The whole idea of Speaking part of exam is to showcase your language. Some tend to forget this, responding to every other questions with only a couple of words. Remember: your answer has to be detailed. As long as it is relevant to the topic — it’s good. If you start going over the time limit the examiner will let you know. If you are unsure what to say, then make something up. Your words don’t have to be one hundred percent truth.

Spontaneous Answer

Certain tasks give you preparation time (i.e. IELTS Speaking Task 2 — the card question). Some choose to keep all the bullet points of the answer in their head. While this is acceptable, it isn’t the optimal technique. You are much better to write the crucial information down: the beginnings of sentences, some words and phrases that you think you should use and so forth. Don’t be lazy – some writing can make your answer much more structured and cohesive.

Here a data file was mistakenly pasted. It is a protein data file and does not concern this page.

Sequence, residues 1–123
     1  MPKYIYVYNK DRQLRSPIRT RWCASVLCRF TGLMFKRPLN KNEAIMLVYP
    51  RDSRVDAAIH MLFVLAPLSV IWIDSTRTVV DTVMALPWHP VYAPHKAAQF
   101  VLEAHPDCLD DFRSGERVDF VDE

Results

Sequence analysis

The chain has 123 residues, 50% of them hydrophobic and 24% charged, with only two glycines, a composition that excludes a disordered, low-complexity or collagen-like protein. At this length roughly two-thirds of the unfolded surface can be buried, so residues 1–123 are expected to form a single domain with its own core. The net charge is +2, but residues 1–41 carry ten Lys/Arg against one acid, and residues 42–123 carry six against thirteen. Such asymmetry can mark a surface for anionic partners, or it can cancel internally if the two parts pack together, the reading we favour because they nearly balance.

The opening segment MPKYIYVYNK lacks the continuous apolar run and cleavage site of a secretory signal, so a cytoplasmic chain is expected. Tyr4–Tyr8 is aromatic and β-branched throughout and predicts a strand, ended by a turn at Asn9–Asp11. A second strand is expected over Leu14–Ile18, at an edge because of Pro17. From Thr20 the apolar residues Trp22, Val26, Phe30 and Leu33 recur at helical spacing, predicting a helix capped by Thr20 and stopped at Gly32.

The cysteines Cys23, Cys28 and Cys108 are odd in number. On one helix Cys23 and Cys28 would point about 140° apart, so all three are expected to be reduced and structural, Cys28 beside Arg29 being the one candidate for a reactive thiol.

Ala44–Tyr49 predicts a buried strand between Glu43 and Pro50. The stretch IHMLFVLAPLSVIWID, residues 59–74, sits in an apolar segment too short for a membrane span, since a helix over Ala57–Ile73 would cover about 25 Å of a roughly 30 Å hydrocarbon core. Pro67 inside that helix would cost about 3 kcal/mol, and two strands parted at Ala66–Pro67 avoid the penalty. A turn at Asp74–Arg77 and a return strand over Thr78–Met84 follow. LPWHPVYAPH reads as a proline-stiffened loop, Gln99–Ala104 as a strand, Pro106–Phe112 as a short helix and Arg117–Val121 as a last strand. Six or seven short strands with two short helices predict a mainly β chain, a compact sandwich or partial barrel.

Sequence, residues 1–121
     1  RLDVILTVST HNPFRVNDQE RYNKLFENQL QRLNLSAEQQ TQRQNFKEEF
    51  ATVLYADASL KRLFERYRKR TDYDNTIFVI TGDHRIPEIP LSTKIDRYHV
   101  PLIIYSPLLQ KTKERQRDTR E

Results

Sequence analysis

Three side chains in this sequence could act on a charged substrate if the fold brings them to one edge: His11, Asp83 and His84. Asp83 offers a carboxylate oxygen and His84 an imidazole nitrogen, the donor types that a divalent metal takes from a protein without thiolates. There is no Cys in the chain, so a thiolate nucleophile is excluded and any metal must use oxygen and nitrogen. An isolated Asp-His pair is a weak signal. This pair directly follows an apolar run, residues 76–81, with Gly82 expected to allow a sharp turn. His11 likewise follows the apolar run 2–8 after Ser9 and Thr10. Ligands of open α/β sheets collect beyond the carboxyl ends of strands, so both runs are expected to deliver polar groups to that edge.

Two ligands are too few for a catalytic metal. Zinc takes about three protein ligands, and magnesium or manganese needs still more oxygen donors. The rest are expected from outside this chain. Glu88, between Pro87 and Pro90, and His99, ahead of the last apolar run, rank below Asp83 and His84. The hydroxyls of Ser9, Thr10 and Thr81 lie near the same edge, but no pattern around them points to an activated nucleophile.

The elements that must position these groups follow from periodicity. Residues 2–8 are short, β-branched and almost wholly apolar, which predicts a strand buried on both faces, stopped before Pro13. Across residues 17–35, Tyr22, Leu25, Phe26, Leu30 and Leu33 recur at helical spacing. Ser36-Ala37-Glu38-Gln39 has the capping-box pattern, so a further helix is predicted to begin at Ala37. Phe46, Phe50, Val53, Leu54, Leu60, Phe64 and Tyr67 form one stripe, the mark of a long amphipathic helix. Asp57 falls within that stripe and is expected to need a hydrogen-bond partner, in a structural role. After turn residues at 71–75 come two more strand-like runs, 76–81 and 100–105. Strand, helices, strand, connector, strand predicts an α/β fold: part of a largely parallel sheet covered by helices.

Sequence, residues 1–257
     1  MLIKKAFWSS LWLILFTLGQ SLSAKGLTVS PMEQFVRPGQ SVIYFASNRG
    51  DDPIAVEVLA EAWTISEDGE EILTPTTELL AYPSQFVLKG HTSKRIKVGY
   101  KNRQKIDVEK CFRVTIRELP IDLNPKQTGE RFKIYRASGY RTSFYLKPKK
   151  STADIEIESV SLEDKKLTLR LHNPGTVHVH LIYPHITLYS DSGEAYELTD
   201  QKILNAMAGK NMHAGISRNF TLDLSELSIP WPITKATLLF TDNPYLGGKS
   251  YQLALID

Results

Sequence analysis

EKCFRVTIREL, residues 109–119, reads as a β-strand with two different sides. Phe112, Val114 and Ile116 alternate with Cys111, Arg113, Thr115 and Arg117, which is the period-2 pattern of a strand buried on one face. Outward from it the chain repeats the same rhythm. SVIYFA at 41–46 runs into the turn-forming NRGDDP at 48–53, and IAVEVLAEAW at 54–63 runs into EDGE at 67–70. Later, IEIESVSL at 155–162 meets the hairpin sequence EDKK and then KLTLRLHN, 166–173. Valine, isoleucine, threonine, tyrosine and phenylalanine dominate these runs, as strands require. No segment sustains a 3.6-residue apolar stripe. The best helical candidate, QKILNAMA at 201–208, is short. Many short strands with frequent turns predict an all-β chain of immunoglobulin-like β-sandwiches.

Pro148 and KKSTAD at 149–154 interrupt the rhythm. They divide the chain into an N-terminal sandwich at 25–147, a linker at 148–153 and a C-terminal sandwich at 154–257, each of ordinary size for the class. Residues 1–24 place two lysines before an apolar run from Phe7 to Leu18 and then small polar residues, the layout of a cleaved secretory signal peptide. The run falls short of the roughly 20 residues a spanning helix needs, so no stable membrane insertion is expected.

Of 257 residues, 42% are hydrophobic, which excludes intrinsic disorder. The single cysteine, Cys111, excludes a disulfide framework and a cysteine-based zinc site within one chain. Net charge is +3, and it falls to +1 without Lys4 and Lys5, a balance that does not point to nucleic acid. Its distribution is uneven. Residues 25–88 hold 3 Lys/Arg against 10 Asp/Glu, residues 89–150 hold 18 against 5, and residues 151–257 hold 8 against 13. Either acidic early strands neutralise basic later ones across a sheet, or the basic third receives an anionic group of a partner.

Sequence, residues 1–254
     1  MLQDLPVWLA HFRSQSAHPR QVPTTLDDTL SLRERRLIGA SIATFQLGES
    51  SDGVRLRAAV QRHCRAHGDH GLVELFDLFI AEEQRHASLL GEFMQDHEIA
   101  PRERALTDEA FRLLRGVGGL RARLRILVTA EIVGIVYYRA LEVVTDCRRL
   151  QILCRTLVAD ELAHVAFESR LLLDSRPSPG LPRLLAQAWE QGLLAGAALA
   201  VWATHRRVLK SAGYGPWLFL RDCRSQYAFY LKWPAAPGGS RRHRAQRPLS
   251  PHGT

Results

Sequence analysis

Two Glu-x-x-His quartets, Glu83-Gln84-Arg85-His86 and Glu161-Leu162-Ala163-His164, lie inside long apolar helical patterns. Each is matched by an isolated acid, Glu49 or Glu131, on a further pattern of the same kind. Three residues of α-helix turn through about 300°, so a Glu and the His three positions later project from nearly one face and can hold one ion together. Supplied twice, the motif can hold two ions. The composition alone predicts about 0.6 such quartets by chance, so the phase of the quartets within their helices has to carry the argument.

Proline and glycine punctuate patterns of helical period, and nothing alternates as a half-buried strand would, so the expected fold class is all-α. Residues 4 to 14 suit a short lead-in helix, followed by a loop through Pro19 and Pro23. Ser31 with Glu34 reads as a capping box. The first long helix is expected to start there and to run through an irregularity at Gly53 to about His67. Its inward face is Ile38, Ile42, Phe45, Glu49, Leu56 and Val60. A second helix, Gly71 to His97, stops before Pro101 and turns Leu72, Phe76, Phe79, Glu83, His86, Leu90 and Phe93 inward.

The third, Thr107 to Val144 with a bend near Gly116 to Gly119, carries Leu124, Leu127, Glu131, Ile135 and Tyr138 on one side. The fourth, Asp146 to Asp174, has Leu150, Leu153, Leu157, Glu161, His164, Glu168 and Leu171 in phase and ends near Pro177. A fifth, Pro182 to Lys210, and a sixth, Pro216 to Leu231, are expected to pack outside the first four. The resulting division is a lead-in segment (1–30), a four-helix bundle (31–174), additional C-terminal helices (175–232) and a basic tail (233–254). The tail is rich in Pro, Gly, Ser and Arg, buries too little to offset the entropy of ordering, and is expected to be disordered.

Articles in English


Today we cover the basic rules of using articles in English as well as the more advanced and less known cases of English articles. All the rules and exceptions come with example sentences. Just like English prepositions, articles are essential for a good IELTS/CAE score. You can take a test to check your knowledge of this tricky aspect of English Grammar. The test can be taken online, printed or downloaded as PDF.

1. Basic Rules
– The Definite Article
– The Indefinite Article
– Zero/No Article
2. Advanced Cases
– The Definite Article
– The Indefinite Article
– Zero/ No Article
3. Articles in Phrases
4. Brief Summary
5. Afterword.